River already knew some of the stories. Over the years he had shared some of his past with her. But the amount she knew was only the tiniest fraction of what he had experienced, who he truly was.
So as the light dwindled and the lamps grew brighter, he told her stories of Gallifrey, of growing up, of his family, of stealing the TARDIS. He told her about Susan, and his first companions, Ian and Barbara. He shared with her stories of his adventures and his companions from all his lives. The pain of losing Jamie and Zoe and Adric. The time he spent trapped on Earth. UNIT and the Brigadier. The friendships he had formed with so many people, from Jo to Sarah Jane, from Tegan and Nyssa to Ace, Mel and Grace. He told her about the Time War. About fighting alongside Romana and Leela and Andred. And how and why he had ended it.
Last he told her about his most recent years. Jack and Martha. The Master. The Year that Never Was. And Donna and the metacrisis.
And finally, Rose.
"You truly loved her, and then you sent her away?" River asked.
"Yes," he said. "For her sake, and the sake of my metacrisis self, I had to."
"I'm sorry," she said. "That must have hurt."
He took a deep breath and nodded.
She took that in. "And do you still love her?" she asked.
The silence between them was deafening. He looked down at his hands in his lap.
"Oh, I see," she said quietly.
"River, that is my past. She is my past. And I never shared with her what I would be sharing with you," he said. He looked up and took her hands in his. "What I will share with you. If this is what you want."
She looked at him seriously. "It's all I've ever wanted," she whispered.
"One last thing," he said. "You know about regeneration, of course. Don't be surprised if someday you see me and I don't look like this."
"Are you going to be regenerating soon?" She stared at him. "Is there something wrong that I should know about?"
"No," he said, almost too quickly, shaking his head. "No. I just want you to be prepared. In the past I have been absolutely rubbish about preparing people for my regenerating."
"Sweetie, I know all about regeneration," she told him. "And I'm not people; I'm your wife. Or I guess I will be shortly." She smiled wryly.
She paused, and then said in a matter-of-fact tone, "So what is it that we have to do?"
"The handfasting is the first part in a Gallifreyan marriage. We have already done that. I have shared with you my past, and I already know your past, so all that is left is to share with you my name." There was more, so much more, to a Time Lord marriage but he couldn't share it with her even if he wanted to, if for no other reason their time was nearing its end. He swallowed thickly, and closed his eyes for a moment. When he opened them, they were suspiciously moist. He leaned to her ear and whispered something, something so beautiful and magical and musical River felt it put to shame the music of the Singing Towers.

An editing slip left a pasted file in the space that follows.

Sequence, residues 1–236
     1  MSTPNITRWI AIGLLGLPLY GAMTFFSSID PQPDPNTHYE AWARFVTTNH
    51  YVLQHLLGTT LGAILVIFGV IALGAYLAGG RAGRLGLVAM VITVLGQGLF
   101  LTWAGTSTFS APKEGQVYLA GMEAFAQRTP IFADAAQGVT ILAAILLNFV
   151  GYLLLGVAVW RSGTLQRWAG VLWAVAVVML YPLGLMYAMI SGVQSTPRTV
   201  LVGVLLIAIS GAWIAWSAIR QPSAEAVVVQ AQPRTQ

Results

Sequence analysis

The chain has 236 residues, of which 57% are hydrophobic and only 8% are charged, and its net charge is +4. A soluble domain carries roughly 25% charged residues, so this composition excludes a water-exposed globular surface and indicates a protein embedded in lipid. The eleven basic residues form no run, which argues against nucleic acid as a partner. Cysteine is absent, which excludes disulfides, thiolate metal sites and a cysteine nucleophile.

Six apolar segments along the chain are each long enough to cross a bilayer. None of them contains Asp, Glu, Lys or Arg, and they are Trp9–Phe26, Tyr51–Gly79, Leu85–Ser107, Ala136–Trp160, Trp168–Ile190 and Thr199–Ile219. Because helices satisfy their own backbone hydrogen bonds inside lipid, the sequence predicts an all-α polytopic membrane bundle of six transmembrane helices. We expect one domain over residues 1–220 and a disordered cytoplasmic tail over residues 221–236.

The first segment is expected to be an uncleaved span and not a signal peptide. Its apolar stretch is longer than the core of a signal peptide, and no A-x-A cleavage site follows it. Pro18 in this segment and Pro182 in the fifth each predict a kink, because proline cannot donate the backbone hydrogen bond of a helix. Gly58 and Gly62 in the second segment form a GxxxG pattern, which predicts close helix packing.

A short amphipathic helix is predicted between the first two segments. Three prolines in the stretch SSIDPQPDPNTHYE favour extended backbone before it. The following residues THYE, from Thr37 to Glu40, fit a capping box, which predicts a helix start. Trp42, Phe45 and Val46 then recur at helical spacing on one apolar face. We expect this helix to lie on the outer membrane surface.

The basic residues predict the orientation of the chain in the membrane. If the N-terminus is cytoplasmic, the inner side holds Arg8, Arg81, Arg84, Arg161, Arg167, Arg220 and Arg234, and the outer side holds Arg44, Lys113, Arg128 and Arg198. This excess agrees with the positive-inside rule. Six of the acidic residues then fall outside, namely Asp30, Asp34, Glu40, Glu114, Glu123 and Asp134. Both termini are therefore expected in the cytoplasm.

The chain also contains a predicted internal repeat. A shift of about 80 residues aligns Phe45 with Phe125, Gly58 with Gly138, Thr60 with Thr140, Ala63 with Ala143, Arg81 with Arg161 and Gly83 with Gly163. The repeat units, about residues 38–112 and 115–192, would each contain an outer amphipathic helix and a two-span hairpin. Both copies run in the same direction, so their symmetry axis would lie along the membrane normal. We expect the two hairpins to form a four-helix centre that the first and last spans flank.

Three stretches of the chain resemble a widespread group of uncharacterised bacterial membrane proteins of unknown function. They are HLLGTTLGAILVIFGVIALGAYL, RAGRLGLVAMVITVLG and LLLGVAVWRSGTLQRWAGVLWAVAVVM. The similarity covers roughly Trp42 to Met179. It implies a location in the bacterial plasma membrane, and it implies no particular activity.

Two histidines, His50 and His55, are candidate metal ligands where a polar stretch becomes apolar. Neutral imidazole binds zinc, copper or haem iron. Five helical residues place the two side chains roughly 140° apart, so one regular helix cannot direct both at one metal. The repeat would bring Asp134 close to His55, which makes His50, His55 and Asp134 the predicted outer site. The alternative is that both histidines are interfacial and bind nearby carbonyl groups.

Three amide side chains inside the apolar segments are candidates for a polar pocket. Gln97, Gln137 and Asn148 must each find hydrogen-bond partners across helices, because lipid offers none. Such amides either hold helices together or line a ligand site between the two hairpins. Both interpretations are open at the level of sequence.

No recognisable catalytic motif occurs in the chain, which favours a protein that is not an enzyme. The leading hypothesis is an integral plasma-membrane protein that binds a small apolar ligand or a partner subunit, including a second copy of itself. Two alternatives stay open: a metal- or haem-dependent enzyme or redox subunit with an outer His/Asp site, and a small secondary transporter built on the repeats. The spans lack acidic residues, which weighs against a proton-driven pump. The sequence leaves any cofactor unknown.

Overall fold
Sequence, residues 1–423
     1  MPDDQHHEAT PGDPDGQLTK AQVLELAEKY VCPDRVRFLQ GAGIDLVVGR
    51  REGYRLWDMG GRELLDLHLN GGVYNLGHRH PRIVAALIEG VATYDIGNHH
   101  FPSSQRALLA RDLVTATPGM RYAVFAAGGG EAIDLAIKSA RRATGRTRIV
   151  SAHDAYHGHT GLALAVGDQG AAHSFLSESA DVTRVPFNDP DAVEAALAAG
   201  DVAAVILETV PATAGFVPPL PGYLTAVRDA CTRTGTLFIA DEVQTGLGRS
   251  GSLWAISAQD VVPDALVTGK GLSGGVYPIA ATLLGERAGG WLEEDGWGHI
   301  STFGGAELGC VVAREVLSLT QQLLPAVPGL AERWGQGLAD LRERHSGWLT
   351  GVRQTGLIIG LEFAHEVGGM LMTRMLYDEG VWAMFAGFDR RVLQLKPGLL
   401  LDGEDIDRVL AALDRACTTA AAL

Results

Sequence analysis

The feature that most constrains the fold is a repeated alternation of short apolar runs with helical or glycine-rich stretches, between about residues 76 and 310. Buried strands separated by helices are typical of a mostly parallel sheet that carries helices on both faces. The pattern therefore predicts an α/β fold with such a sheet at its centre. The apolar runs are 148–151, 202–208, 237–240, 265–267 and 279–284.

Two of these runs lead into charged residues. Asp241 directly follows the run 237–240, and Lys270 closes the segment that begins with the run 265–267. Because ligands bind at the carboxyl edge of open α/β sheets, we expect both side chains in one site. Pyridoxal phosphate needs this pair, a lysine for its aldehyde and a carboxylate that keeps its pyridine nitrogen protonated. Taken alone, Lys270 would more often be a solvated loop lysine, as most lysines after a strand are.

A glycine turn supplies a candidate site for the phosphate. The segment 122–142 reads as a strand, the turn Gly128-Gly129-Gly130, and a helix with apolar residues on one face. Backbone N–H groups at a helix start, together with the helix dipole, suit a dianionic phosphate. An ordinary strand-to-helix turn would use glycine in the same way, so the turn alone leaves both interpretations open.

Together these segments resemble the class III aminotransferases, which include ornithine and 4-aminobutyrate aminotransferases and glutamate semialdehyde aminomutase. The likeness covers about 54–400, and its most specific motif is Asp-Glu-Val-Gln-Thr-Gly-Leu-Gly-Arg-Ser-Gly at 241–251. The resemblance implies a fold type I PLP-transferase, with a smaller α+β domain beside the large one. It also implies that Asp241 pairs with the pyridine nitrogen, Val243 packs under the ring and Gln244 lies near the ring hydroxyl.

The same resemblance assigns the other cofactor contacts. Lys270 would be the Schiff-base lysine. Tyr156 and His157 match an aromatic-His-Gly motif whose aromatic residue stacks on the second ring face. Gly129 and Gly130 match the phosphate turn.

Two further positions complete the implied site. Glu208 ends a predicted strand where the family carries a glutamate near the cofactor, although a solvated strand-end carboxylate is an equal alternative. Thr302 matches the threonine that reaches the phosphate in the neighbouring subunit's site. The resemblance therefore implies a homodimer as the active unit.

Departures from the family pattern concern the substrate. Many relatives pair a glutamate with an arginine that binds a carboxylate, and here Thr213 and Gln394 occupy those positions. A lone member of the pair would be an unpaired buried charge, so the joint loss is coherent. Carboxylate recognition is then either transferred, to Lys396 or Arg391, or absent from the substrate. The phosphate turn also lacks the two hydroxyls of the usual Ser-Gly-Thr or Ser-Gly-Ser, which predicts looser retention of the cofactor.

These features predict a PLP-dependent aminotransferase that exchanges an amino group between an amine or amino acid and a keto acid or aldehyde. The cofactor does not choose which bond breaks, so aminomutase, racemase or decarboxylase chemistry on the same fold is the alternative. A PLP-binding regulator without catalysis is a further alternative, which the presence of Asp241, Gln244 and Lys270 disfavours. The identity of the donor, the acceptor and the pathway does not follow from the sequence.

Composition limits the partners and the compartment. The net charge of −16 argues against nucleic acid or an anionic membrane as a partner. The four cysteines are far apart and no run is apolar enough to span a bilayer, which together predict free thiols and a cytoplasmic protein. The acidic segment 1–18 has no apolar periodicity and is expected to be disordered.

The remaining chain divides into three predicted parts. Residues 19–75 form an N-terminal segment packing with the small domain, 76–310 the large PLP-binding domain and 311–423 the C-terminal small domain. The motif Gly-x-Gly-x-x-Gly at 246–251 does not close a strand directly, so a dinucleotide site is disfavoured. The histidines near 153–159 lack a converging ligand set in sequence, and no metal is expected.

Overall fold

River was overcome with emotion, filled with love for him and awe at what he had shared with her. When he pulled away, she pulled him back and kissed him.
"I love you," she whispered.
He bit his lip, and then took a deep breath. He reached up, cupping her face with his hand. "River," he said slowly, "I love you, too."
She reached up and wiped tears from his face. "You're crying," she said in surprise.
He smiled at her. "So are you."
"It's just because I'm so happy," she told him, and he leaned forward and kissed her.
By unspoken agreement, they stood and he offered her his arm. Slowly they walked back to the TARDIS.
"I'm sorry, River," he said when they were back in the console room.
"About what?" she asked.
About a good many things, he thought. About so, so many things. Instead, he said, "I'm sorry, but I have to take you back right away. I have somewhere I need to be."
"Where?" she asked, astonished he would leave her so suddenly.
"Spoilers," he said, throwing them into the vortex.
The TARDIS landed on a street corner near her flat and he walked her to her door.
"Until next time?" she asked. She stood on tiptoe, gave him a kiss, and then turned to go inside.
"River, wait," he said quickly, pulling something out of the inside pocket of his tux and handing it to her. "I have something for you. Consider it… a wedding present."
Her eyes widened as she looked at the object in her hands. "A sonic screwdriver? You're giving me a sonic screwdriver?" Her mouth quirked in amusement. "Well, it's not diamonds…" she teased.
He smiled wryly. "No, it's not diamonds," he said, and then turned serious again. "Now I want you to promise me something. Will you promise, no matter what it is, no matter how crazy it seems, will you promise to do what I ask?"
"What is it?" she asked, concerned about his tone.
"Promise me," he insisted.
"Alright, I promise," she said. "What is it?"
"Promise me that you will take that wherever you go. You won't forget it. No matter where you go, you take it with you."
"Okay," she said slowly.
"Now don't forget."
"I won't forget," she said seriously. "I promise I'll take it with me. Wherever I go." She smiled indulgently.
"Good," he said.
She cupped his face and then kissed him. "Goodbye, my love."
The Doctor didn't answer immediately. Instead he stared at her, as if he were trying to memorize every aspect of her face, every curl in her hair. The color of her eyes and the curve of her lips.
"Goodbye, River," he said finally, knowing he would never see her again. He turned and walked quickly back to the TARDIS, not wanting her to see the tears that streamed down his face.
Three weeks and two days later, linear time, the Doctor felt his psychic paper grow warm in his pocket. Heartsick, he pulled it out and looked at it, already knowing what it would say.
Hello, Sweetie, it read, with a date and coordinates. Coordinates for the Library.
He sank to a seat near the console and put his head in his hands. "Oh, River," he whispered. Holding onto the psychic paper, he closed his eyes and sent the message on. Back into his past. Back to himself. So that with her death, their story would begin again.